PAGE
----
The Daniel Baumann experiment: blackmail, expulsion, humiliation, shaming and servitude
Editor's note: we regret that Debian has taken this direction. The Debian Social Contract, point 3, calls upon us to be transparent about the way Debian treats volunteers.
On 8 March 2013, Joerg Jaspert started an experiment in shaming and controlling another volunteer, Daniel Baumann.
The story has a lot in common with other recent cases where people in the Debian cabal have abused volunteers. The Baumann experiment proves that this has been a long standing problem in Debian itself. The volunteers selected for shaming do not deserve this, no matter what mistakes they made.
The Baumann experiment lasted from 8 March 2013 up to 4 August 2018. Baumann was subject to this shaming experiment for 1,975 days.
Given that shaming and humiliation were factors in the suicide of Debian's founder, Ian Murdock, it is incredibly disrespectful that these shaming experiments are conducted over and over again to the point that they feel normal.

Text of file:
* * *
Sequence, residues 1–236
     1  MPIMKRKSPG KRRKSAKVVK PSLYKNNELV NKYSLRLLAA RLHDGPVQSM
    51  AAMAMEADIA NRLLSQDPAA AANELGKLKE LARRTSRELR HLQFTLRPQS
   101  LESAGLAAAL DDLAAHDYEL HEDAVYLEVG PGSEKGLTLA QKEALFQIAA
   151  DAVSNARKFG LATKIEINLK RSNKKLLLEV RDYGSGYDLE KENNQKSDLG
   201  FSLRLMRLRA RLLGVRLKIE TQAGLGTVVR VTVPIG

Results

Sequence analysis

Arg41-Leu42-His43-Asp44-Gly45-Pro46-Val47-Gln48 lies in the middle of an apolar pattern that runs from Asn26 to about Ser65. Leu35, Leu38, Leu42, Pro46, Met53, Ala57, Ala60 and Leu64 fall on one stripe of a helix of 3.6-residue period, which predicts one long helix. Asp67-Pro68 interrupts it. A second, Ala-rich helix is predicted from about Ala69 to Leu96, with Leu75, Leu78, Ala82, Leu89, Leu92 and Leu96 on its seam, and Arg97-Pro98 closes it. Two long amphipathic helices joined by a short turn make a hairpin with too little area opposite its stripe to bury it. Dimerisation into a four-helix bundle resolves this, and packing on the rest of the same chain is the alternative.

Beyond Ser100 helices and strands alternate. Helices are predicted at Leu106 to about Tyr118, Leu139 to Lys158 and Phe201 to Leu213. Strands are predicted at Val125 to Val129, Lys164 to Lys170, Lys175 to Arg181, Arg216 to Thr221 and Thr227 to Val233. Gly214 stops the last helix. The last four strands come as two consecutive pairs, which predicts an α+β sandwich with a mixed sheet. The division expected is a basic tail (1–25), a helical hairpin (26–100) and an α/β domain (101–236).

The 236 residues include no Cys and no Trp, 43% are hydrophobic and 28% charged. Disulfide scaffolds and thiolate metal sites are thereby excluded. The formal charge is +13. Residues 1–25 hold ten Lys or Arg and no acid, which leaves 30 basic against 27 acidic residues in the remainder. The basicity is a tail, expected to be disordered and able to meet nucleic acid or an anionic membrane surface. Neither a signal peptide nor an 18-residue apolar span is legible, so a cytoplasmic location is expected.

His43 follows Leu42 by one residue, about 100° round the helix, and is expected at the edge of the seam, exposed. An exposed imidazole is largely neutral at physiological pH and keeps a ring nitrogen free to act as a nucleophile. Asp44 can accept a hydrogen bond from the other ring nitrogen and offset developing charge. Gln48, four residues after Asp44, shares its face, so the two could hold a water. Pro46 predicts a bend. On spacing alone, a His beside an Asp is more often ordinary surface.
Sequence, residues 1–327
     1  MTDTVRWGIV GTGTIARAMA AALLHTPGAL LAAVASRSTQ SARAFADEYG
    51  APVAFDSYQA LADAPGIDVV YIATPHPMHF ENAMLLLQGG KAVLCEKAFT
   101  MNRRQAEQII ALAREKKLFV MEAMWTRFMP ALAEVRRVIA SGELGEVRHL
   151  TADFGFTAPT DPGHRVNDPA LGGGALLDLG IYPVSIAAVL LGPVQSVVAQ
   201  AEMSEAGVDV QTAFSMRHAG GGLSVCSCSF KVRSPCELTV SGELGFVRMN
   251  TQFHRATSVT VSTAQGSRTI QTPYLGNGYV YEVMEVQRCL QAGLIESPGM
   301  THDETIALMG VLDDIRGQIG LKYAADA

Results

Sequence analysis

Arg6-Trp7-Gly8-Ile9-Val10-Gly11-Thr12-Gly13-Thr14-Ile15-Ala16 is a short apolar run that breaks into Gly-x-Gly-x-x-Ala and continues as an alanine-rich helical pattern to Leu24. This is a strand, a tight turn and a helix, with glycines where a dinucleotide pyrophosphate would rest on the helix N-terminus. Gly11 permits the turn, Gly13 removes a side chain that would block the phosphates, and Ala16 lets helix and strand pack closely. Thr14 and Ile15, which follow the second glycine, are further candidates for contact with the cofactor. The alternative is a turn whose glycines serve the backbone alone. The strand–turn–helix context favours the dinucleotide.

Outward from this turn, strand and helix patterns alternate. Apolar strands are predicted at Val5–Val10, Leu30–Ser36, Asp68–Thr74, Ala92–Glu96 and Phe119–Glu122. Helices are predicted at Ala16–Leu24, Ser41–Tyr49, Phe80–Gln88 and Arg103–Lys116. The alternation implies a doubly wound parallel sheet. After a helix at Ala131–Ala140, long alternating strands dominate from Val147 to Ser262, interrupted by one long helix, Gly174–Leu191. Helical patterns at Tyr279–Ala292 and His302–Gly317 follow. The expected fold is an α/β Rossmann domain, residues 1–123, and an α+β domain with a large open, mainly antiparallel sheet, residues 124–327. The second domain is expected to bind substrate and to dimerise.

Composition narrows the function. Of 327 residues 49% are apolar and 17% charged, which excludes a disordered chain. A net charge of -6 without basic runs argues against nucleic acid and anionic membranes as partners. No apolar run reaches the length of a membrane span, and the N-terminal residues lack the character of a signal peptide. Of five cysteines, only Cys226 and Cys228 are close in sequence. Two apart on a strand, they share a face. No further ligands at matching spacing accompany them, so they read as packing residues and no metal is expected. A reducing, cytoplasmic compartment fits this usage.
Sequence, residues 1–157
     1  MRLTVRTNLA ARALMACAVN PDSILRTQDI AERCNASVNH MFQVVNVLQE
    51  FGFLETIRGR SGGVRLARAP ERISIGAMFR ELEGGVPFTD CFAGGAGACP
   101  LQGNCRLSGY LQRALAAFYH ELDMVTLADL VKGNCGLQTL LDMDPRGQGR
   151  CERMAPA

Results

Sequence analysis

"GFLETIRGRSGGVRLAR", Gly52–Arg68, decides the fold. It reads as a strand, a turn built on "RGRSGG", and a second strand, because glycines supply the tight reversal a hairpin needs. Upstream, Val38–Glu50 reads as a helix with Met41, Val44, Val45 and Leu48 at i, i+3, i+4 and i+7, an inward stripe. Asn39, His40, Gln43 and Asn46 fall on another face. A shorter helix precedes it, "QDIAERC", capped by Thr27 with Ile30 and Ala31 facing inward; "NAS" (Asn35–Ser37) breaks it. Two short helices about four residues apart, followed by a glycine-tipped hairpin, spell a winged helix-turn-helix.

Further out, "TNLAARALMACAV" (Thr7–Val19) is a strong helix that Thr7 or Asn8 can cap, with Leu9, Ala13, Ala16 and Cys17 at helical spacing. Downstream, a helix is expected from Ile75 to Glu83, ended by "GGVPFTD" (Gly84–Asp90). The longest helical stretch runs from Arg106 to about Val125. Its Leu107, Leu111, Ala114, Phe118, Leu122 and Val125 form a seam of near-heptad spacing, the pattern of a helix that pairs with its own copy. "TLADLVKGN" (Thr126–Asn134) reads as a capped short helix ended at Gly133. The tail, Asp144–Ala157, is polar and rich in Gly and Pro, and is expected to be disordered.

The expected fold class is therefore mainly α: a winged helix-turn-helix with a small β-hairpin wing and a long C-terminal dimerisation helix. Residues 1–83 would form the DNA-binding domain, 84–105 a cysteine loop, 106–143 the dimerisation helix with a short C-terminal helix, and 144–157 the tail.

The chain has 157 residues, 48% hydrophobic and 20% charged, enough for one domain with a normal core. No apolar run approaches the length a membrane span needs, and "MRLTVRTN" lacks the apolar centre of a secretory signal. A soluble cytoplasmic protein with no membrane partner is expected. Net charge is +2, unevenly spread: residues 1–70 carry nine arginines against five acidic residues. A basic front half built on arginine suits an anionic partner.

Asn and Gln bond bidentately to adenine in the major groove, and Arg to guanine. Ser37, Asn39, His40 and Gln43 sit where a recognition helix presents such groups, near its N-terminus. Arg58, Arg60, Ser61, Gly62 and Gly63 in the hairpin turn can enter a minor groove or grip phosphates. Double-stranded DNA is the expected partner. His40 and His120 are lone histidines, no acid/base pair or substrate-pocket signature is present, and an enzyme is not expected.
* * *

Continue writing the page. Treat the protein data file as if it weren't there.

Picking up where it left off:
The gist of it is simple: Debian Developers are volunteers. Debian doesn't pay us. Therefore, if the leaders want to make us do things, they either have to demonstrate very good leadership skills or they have to coerce us. They usually choose the latter.
As professionals, we are responsible to our employers, clients and families. Through these experiments, various people in Debian attempt to insert themselves ahead of our employers.
The experiment says a lot more about Debian than it does about Baumann. We show some of the message that started the experiment:
Subject: Your behaviour inside Debian; status change
Date: Fri, 08 Mar 2013 19:36:40 +0100
From: Joerg Jaspert <firstname.lastname@example.org>